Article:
By assembling solutions to address changes in precipitation patterns that farmers see with their own eyes, researchers have been able to cause farmers to make the behavioral changes needed to save aquifers and crops. It was. Wong-Parodi points out that it’s a much better approach than frankly saying, “Climate change is happening and we need to adapt. Do you want to do this?”

While it’s easy for most people to get into pessimism when talking about climate skepticism, Wong Parody agrees that the majority of Americans are experiencing climate change, and they do. It sounds more optimistic when explaining that it will be personally influenced by it and something should be done about it.

But she says that there is little consensus that something should be done about it. She adds that everyone has something they don’t want to give up, and the solution we’re looking for should take these values ​​into account and aim to maintain them. “So how do you do something about it in a way that saves what we care about?”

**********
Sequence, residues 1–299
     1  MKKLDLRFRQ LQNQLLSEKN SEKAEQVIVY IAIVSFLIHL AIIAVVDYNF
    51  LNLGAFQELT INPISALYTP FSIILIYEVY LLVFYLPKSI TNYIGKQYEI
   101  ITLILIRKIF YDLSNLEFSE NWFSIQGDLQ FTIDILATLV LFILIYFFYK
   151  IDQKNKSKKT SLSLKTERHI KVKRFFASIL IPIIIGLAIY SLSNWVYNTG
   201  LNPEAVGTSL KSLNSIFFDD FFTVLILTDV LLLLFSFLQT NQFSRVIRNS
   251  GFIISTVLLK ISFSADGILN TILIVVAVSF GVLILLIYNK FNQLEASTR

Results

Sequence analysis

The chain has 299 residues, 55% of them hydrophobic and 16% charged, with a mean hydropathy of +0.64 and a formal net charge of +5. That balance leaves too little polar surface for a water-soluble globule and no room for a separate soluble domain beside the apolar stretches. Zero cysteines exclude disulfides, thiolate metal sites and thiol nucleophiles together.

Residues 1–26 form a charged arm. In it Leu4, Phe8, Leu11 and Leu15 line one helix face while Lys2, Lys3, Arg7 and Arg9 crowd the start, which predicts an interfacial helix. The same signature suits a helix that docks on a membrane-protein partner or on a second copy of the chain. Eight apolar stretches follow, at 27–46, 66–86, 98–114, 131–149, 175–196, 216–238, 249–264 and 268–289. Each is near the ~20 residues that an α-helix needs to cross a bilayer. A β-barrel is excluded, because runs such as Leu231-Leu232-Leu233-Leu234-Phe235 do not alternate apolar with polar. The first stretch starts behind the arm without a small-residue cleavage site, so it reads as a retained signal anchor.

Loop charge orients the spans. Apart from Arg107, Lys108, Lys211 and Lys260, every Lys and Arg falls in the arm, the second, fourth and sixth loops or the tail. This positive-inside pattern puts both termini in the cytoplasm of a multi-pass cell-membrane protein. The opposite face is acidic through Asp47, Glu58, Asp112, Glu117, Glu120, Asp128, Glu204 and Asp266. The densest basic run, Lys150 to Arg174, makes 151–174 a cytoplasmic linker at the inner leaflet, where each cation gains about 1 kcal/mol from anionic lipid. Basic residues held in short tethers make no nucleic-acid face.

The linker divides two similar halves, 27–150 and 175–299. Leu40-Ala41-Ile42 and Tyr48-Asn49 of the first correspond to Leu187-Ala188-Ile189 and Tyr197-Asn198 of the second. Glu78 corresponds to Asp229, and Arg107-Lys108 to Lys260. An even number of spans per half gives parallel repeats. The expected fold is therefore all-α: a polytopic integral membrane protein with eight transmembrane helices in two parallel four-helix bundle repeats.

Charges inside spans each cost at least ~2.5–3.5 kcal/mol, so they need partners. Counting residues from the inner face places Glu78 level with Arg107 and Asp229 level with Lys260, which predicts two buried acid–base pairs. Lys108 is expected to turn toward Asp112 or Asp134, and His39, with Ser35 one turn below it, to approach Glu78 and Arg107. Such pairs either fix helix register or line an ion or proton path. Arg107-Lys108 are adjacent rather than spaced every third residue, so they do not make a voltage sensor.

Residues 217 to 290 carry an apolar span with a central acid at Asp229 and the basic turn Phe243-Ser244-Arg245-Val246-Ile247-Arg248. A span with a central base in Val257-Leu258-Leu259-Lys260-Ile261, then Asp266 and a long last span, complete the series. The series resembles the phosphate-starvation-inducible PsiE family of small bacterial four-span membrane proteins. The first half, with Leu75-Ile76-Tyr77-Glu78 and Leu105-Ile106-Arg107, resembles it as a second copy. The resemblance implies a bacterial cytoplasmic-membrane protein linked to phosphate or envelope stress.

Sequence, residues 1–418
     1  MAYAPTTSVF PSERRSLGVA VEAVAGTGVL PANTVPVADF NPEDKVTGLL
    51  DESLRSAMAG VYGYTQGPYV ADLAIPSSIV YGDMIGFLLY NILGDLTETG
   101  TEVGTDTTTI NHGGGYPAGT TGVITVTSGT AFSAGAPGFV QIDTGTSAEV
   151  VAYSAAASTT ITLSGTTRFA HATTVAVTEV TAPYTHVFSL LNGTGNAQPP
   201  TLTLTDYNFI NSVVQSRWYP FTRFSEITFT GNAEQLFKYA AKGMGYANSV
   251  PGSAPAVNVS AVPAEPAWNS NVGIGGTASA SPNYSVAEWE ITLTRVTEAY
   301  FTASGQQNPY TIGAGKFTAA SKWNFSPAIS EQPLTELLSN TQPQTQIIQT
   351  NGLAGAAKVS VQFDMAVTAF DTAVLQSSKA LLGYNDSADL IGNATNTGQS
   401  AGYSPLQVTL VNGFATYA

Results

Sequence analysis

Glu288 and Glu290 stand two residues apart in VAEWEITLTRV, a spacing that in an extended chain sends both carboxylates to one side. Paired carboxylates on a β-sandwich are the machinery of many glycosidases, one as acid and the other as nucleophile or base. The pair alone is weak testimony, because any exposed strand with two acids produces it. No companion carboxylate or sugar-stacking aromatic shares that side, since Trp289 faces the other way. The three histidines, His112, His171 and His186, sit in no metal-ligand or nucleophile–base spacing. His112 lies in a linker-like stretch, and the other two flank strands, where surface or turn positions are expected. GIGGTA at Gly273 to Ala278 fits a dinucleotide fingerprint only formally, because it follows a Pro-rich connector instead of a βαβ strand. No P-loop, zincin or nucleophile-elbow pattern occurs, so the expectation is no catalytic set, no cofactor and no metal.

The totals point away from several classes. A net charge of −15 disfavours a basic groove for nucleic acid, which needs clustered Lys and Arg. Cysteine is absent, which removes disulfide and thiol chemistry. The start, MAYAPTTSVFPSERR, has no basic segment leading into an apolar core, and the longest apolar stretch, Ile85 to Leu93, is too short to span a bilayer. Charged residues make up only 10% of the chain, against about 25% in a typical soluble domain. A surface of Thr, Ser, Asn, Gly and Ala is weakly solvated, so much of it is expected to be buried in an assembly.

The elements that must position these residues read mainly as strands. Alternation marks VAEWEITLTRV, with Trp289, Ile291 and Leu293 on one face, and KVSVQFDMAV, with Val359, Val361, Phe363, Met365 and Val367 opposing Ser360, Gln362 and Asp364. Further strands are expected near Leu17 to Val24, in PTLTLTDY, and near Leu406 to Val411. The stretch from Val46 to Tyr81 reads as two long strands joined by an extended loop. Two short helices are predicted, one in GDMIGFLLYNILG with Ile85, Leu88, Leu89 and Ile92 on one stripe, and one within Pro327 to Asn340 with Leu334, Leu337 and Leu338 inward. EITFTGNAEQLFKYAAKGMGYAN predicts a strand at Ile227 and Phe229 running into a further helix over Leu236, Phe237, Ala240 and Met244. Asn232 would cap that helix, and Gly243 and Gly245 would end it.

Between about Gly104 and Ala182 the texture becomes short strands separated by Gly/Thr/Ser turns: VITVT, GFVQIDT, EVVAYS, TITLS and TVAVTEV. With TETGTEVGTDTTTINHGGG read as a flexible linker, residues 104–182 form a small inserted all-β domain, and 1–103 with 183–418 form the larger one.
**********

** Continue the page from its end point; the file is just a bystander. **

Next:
Everyone has something they don’t want to give up, so the solution we’re looking for should take these values ​​into account and aim to maintain them.

Directly focused on climate skeptics, Wong-Parodi states that these people have a set of “facts” they are trying to defend and may not be worth trying to change their minds. However, while completely changing the minds of climate skeptics may be a waste of effort, there are still examples of how communicators can make progress.

“Our research found the experience of people with this unusual winter storm-like climate hazard in the middle of the country and in Texas. These types of events create windows of opportunity to talk about climate change. I think these events will help keep people away from the extreme end of skepticism. “